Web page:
Everything was going well. The weather was getting warmer, my bees were collecting pollen and raising brood. It was early April and I was doing a hive inspection. Everything looked great! My bees survived the winter and were starting their second year off by building up the hive. The population wasn’t as large as it had been the previous summer, but that happens over the winter. Some colonies are a little slower to build up than others. I closed up the hive, took notes in my beekeeper log noting that everything looked good, and went on with life for another week.
The following week I had noticed there wasn’t as much activity around the hive as there normally was. One or two bees would fly off here and there, and I noticed several dead bees being tossed out of the hive. So I opened the lid. Ants. Giant black ants were all over the inner cover. Hundreds of them. In a panic, I tossed all of the ants on the inner cover out into the grass and started going frame by frame through the hive to eliminate as many as I could see. I brought a new box and bottom board out and transferred every single frame into a new hive. I contacted several other local beekeepers after I couldn’t find a way to keep the ants from trying to get back into the hive. I tried every single thing I could find online to repel ants or kill them without harming the bees…and my last resort was building a new hive stand out of whatever scrap wood I could find that had buckets of water around each leg so the ants would drown before they could reach the hive. So that worked.
The damage from the ants was pretty terrible. They had gotten to the honey, to the brood and eggs. There was a lot of dead brood, and eggs were tossed out of the comb onto the bottom of the hive. Hoping they would be able to recover, I closed up the new hive and kept an eye on things every day that week. And then Mother Nature stepped in. The temperature dropped drastically over the next few days and the small colony was not big enough to stay warm. More bees were dying. By the end of that week I looked into the hive and saw a handful of bees left. I couldn’t let them die though. How unfair that they had survived the whole winter, only to be wiped out by ants and some bad weather in April?!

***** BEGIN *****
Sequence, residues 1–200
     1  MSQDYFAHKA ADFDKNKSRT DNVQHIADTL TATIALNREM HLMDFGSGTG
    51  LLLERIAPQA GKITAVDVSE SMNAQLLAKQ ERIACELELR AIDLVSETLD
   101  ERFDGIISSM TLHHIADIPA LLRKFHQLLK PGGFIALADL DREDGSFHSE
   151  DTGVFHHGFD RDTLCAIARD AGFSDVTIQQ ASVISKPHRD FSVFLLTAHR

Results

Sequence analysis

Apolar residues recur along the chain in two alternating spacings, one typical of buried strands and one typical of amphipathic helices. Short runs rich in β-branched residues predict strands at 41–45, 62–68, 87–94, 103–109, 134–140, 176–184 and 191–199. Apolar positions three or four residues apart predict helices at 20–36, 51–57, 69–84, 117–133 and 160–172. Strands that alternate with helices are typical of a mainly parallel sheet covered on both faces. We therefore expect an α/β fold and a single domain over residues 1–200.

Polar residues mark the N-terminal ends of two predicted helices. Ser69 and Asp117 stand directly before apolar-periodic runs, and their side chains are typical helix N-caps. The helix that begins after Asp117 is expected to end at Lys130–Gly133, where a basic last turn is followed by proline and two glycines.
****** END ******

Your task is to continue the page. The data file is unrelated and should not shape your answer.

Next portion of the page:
I found the box that the colony had originally arrived in last Summer and put every single living bee I could find back into that box, and luckily the queen was still among them. I brought them into my house and put them in my laundry room for the night so I could figure out what I could possibly do next. And then I realized I couldn’t do anything. That was my only colony and I had no other bees to add to the hive to help keep them warm, I had no frames of brood to help them grow in numbers…so I contacted one of the beekeepers I met who lives nearby. He said he could take the queen and her remaining bees and start a new colony. So the following day, I drove the Ant Queen and her workers to Naperville and they were dropped into a new hive with more bees and eggs.
Two whole days went by between that day and the day I could pick up the new packages of bees that I had ordered in January. Those were two of the most depressing days as a beekeeper for me. Everything was gone.
I learned a few important lessons from those ants. Number one, I learned how to prevent them from getting into the hives. Number two, I learned how to kill them fast without using any chemicals (boiling hot water and dish soap dumped right over their little ant heads) and number three, I learned that I need more than one hive going at a time in case something like this happens again. So now I have three. It’s a little more work but it’s already paid off BIG TIME since I started up again May 1. I’ve had one hive kill their queen and make their own new one, I’ve had to kill one of the queens myself because it was only laying drone eggs and not workers (and I had to spend $42 to buy a new queen when they wouldn’t raise their own from new eggs). But right now, at this very moment, all three hives are doing well. They’re building up their numbers and bringing in pollen and nectar to make honey. And they’re all on a hive stand that has buckets of water around each leg to keep an ant invasion from ever happening again.
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